Monday, April 04, 2005

On Grading and Learning

Part of the idea of college is that the student can be open and take risks and the consequences are not too severe, even if the student fails. Giving feedback to the student about the student's performance makes sense, even in this type of hermetic environment. One of the basic questions anyone asks when they are learning is "how am I doing?" It is useful to give some gauge on that question and to provide some direction for where the student should place his efforts.

I give that type of feedback all the time, to colleagues and staff. And I get feedback of that sort as well on my own work. But there is nothing akin to a letter grade. The letter grade conveys some benchmarking across individuals (unless every student gets an A). Presumably there is some value in using competition to promote learning. I can sort of get the argument, but it definitely has Darwinian undertone and while the species may thrive individual members may do miserably. Certainly most colleges I know don't explictly want to take a Darwinian approach, their Engineering schools notwithstanding.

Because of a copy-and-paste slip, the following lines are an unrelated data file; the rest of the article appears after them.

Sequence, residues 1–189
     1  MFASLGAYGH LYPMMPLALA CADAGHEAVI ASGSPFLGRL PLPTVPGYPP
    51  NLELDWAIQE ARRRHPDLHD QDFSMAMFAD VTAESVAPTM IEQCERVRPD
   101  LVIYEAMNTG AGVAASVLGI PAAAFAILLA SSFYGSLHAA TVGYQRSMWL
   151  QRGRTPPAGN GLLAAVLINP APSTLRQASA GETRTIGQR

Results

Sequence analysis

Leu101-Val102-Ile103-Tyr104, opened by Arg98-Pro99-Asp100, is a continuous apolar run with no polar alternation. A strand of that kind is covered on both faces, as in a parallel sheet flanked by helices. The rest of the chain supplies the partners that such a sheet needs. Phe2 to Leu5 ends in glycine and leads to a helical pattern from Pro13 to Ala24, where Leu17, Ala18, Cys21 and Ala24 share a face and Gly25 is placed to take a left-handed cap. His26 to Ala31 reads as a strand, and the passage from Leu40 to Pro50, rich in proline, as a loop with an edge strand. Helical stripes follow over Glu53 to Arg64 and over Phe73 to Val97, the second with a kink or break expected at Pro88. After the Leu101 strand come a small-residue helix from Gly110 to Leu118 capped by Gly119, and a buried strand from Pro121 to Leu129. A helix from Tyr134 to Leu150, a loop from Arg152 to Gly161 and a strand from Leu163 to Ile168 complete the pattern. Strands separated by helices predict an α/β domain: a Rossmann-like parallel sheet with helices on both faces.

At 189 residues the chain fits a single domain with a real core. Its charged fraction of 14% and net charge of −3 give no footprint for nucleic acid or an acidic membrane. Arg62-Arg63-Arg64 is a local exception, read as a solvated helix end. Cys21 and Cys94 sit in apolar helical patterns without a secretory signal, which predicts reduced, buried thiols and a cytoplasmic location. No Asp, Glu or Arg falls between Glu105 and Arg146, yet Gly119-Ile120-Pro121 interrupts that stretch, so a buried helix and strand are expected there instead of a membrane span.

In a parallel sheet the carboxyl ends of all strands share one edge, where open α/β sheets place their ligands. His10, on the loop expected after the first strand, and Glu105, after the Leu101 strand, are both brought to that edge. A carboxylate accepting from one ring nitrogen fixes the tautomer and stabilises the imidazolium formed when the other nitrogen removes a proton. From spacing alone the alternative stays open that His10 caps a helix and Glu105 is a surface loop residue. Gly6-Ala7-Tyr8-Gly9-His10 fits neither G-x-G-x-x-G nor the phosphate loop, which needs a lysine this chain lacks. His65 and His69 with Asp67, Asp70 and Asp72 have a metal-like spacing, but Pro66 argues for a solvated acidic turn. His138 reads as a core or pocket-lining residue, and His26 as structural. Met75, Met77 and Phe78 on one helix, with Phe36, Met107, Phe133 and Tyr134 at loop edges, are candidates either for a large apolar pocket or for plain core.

Beyond this, the letter grades can be made known to outsiders (graduate schools, potential employers) and presumably GPA conveys some information in this context. What information it conveys, I'm not sure. If we said something like the following, then one could see the information in the GPA. (Hypothetical: The student took courses 1, 2, and 3. Course 1 had the following grade distribution. Course 2 had the...). While the NCAA requires publication of 5 and 6 year graduation rates, I don't think anyone publishes grade distributions. So what does a particular GPA mean? And that is not even getting into the issue of the student's course selection.

Nonetheless the perception by the students, no doubt, is that grades matter. Hence an instuctor can leverage that to motivate sutdents. That is a plus. But students in certain circumstances become highly instrumental about the grades and block out other things. That is a minus. We need to talk about that minus and provide other incentives for students than the indirect incentive via grades.

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